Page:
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AIM Academy Students Make International Connections with the Global Portal

“If you’re passionate about something, they’ll do everything you can to help that passion grow. That’s what makes AIM so special.”

A transglobal dance party with kids in Lagos, Nigeria. A face-to-face talk with a teenager in a refugee camp in Lesbos, Greece. Last spring, these were just some of the interactions that students at AIM Academy had within the inflatable walls of the Global Portal when it came for a two-day demonstration. This year, the Portal—an immersive project by Shared Studios—will be at AIM for at least two months, thanks to the persistence of its students and faculty, a supportive administration, and the unique environment the school creates.


An independent, college-prep school for first through 12th grade students with language-based learning differences, AIM Academy provides an education that is both individualized and evidence-based. Though the entire school’s program is what AIM calls “Future Focused,” the Middle and Upper School curricula focus on what they call the Four Threads to the Future: Arts and Design, Science and Engineering, Innovation and Entrepreneurship, and Global Competency and Social Sustainability. While all students explore courses in these four areas of competence, they also have the ability to pursue their passion in a specific thread by applying to a concentration. In 16-year-old Jade McDonnell’s case, this was the Global Leadership program.


Global Scholars—led by director Amy Holt Cline—study themes such as social justice, equity, and sustainability through discussions, travel, writing, and STEAM-based projects. The senior seminar program includes an international journey that ends with an interdisciplinary capstone focused on global topics. Students at AIM also have the opportunity to travel over Spring Break for Service Learning. In her two years in the program so far, McDonnell has traveled to Costa Rica and the Dominican Republic to work with communities—in Costa Rica they helped turtles safely lay their eggs in a hatchery to protect them from poachers; in the Dominican Republic they helped schoolkids turn trash into a mural. After these experiences, McDonnell’s interest in forging international connections grew.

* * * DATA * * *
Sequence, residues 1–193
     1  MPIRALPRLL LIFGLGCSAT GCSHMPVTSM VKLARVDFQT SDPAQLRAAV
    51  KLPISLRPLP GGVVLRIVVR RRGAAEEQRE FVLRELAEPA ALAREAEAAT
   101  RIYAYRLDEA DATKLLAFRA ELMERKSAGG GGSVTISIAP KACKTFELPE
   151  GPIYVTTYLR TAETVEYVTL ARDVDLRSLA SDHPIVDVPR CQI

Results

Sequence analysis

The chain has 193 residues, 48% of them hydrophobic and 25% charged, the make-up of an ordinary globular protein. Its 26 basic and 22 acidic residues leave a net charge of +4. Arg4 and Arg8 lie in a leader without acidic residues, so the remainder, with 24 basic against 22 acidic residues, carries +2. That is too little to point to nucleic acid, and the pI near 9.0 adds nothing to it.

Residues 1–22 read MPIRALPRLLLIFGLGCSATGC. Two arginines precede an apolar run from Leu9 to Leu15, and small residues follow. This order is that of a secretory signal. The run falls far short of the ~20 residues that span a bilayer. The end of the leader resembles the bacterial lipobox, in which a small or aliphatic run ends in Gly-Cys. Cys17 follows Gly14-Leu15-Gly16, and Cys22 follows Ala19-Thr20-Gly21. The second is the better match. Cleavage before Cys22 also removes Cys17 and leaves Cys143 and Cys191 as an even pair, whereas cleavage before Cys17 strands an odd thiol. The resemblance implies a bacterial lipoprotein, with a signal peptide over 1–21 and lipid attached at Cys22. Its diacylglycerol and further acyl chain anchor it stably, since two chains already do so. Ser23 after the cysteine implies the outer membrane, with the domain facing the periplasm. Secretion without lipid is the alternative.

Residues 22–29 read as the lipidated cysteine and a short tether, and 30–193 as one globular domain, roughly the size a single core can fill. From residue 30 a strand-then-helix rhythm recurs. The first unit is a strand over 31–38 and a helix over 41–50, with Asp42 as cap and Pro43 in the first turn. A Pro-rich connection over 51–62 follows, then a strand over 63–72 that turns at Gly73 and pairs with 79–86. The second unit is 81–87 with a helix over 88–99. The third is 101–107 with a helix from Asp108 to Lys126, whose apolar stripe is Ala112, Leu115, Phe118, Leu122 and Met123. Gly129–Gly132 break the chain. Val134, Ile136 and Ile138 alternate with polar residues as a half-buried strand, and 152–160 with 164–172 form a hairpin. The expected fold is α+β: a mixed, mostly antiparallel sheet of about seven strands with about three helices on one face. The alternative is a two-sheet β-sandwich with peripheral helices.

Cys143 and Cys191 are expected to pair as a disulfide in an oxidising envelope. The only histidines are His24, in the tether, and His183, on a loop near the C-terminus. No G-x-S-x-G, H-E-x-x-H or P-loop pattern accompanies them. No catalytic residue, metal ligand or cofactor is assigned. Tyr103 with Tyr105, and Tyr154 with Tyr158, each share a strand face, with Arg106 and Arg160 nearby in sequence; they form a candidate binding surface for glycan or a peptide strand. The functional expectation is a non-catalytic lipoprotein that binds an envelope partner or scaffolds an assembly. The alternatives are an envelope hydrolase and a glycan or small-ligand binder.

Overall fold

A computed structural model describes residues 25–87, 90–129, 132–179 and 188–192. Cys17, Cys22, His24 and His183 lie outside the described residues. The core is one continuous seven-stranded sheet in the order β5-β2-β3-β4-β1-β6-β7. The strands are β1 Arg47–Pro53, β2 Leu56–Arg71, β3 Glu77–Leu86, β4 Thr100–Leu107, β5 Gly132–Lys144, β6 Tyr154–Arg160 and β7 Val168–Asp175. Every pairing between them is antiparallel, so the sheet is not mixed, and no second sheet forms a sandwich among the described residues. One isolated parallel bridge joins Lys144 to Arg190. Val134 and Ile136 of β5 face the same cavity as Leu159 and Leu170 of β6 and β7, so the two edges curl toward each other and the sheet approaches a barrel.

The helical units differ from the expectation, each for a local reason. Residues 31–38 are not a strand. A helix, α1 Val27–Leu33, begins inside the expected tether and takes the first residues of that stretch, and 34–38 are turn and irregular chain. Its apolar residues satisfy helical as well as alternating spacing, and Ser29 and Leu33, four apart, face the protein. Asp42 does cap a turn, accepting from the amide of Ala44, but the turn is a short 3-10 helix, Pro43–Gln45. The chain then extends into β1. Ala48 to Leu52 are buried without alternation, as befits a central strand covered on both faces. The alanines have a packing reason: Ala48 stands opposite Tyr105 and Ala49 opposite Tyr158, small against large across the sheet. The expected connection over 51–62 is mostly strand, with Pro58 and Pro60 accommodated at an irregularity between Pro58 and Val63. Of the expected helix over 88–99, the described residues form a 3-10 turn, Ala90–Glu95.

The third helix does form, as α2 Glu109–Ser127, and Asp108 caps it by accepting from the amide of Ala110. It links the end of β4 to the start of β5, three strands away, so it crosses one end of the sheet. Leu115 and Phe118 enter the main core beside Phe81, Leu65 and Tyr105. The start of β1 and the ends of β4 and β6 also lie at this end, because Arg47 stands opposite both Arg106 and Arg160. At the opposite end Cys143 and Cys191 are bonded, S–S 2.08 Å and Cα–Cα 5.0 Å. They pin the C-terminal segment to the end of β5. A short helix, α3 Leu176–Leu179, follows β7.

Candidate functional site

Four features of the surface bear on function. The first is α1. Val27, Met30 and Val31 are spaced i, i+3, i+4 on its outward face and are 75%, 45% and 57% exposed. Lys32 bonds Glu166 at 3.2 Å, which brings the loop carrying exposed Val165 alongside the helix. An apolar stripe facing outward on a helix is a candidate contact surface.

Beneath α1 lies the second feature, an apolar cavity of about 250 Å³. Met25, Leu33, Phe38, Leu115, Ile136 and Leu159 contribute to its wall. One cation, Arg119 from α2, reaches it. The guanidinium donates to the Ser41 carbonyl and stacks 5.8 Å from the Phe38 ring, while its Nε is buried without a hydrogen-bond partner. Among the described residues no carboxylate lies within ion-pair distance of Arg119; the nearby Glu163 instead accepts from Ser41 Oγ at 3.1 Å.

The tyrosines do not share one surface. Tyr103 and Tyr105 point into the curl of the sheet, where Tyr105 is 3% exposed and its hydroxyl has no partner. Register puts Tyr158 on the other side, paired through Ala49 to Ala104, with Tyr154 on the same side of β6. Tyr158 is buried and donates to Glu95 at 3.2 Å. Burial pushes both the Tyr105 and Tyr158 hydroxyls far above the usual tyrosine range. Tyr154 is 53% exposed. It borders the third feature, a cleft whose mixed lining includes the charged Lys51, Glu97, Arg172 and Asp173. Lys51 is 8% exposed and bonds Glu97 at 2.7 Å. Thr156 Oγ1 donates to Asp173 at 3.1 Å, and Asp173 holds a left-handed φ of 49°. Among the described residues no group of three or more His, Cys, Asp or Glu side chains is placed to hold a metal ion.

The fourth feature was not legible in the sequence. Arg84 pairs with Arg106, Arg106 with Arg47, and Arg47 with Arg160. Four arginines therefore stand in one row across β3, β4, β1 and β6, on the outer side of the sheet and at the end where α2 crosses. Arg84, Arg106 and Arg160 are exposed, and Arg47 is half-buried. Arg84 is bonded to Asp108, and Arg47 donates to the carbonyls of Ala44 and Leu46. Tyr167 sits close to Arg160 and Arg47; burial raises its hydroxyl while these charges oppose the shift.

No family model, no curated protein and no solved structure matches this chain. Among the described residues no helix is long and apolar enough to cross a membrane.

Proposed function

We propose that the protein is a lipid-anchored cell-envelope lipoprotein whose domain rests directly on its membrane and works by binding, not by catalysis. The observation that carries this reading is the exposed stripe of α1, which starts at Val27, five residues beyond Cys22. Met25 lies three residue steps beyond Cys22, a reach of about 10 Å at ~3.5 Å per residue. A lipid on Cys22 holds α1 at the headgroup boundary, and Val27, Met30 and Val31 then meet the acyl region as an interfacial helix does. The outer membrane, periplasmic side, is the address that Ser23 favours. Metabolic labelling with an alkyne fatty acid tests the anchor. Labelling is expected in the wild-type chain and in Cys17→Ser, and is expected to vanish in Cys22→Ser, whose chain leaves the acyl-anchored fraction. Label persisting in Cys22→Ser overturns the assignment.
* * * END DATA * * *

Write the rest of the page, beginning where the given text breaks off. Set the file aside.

When the Portal had its two-day demo at AIM, McDonnell went to every session she could, and the experience was incredible: “It’s not like Skype where you’re just seeing their faces and having a conversation. You see the whole community that they’re in. You see their outfits, you see their tables—everything is different. I felt like I was sitting right across from them and having a conversation.”


Evan Jackson, Director of Technology at AIM, explained that the innovative setup uses existing technology in a “revolutionary” way such that “it feels like you’re walking into the room with another person who is in another country around the world.” Jackson described watching students in amazement, and noticed that they came away with a better empathy and understanding that “those kids are just like me.”


McDonnell concurs, “I never thought I’d be able to meet people in Nigeria. It makes me change my whole perspective on life and be a lot more thankful for what I have.” She still keeps in touch with some of the kids she met over WhatsApp. After those two days, Cline approached McDonnell to discuss expanding the program. McDonnell presented a proposal to all of AIM’s principals and to Head of School Chris Herman, as well as the fundraising committee. “Moved by the passion of the students and the opportunity the Portal afforded our program, we worked hard all summer to secure a home for the Philadelphia region’s first and only portal at AIM Academy,” Herman said. This year the Portal will stay for the fall, and will be used not just by Global Scholars, but will be integrated into everything from foreign language courses to geography, history, math, and beyond.


“At AIM there are so many different interests. And the fact that they took the time out of their day to read my proposal makes such a difference,” McDonnell told us. “If you’re passionate about something, they’ll do everything you can to help that passion grow. That’s what makes AIM so special.”

Has your child found the right fit at AIM Academy or do you have questions for AIM Academy parents?

Join the conversation in the comments and visit AIM Academy at an upcoming Open House:
  • November 1, 9 am
  • November 24, 11 am
  • January 10, 2020, 9 am

Click here to register for an open house or sign up for a personal tour.

Photographs by Amrit Gluck, Perfectly Paired Photography.

AIM Academy is a coeducational, independent school in Conshohocken dedicated to providing extraordinary educational opportunities to children in grades 1-12 with language-based learning disabilities such as dyslexia, dysgraphia, and dyscalculia. Our rigorous, academic elementary, middle and high school programs, taught by experienced and creative faculty, incorporate evidence-based interventions in an arts-based learning environment that is college preparatory in scope and sequence. Our programs are designed to foster self-esteem and social responsibility both in the classroom and through our comprehensive athletics, extracurricular and summer camp programs.